My final wish? That you would take one step – large or small – to alleviate the hurting and the loneliness of mental health stigma. Send an email. Make time. Look around your church, your school, your workplace and smile. But this is a two-part wish. Yes, that’s cheating. Get over it.

I wish you would do that again. And again. And again. Break down the stigma with intentional acts of kindness that are not anonymous at all. (to be honest, if someone left anonymous casserole on my doorstep, my illness would prevent me from eating it because I’m not above suspecting people of being pranksters.) But a smile isn’t anonymous at all. And it doesn’t cost anything. And you can give as many out as you like.

My point is that you can’t control pharmaceutical reps, but you can take control of how you engage mental health – are you informed (NAMI)? Are you compassionate? Are you willing to talk about it? If not, have you given honest thought to why?

As to what I’ll be doing in ten years?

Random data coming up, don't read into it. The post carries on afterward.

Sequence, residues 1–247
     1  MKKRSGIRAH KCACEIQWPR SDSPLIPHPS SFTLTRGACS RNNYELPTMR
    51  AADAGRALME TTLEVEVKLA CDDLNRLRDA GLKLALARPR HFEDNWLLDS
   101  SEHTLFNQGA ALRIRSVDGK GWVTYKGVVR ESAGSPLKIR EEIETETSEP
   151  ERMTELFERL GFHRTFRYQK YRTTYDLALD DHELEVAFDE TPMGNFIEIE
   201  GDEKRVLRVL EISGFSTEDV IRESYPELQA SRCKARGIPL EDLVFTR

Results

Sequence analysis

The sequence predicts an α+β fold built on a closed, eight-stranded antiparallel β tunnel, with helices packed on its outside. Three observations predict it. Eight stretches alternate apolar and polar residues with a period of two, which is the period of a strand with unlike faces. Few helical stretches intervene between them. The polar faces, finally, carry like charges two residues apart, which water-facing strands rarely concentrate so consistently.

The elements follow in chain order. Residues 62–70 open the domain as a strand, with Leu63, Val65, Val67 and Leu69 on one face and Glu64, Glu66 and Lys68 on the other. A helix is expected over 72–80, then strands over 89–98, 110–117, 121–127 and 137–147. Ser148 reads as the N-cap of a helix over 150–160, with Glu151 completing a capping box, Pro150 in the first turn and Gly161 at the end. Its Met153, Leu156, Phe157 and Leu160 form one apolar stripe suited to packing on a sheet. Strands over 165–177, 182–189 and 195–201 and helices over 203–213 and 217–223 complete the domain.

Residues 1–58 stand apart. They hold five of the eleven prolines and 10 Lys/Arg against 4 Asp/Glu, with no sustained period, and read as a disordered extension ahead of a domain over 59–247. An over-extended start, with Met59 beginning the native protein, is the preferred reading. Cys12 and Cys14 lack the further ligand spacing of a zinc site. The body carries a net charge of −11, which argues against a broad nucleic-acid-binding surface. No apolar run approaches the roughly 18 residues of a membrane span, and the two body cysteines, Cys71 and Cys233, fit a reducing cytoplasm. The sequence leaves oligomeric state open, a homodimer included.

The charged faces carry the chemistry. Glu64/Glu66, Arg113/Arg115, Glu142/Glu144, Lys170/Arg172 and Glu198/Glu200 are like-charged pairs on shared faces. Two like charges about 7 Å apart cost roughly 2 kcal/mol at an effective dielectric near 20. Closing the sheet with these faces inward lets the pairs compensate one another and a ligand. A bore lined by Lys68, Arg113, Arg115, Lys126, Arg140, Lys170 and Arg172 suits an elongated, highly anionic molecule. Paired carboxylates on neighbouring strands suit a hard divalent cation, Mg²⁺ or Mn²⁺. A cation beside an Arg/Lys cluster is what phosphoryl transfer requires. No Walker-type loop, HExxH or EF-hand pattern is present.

Well, that’s a good question. I take a medication that can cause long-term kidney damage even though it is very effective so in ten years, I hope that I will NOT be experiencing kidney problems and that another medication will be as effective with fewer side effects. I’m okay taking so many pills if they work and I’m not going to end up needing a transplant – which mental illness usually renders impossible to achieve.

I hope I’ll still have health insurance. As more states embrace marriage equality, domestic partner benefits are disappearing. I hope Pittsburgh doesn’t force marriage on people to keep their health care.  Two weeks ago, I wasn’t worried about it. Now I am. It would be terrible to get married to get health insurance, but straight people do it all of the time I suppose.

Hopefully, it will be a bit warmer but still seasonally appropriate weather and I’ll be productive, optimistic and kind. And have a new laptop.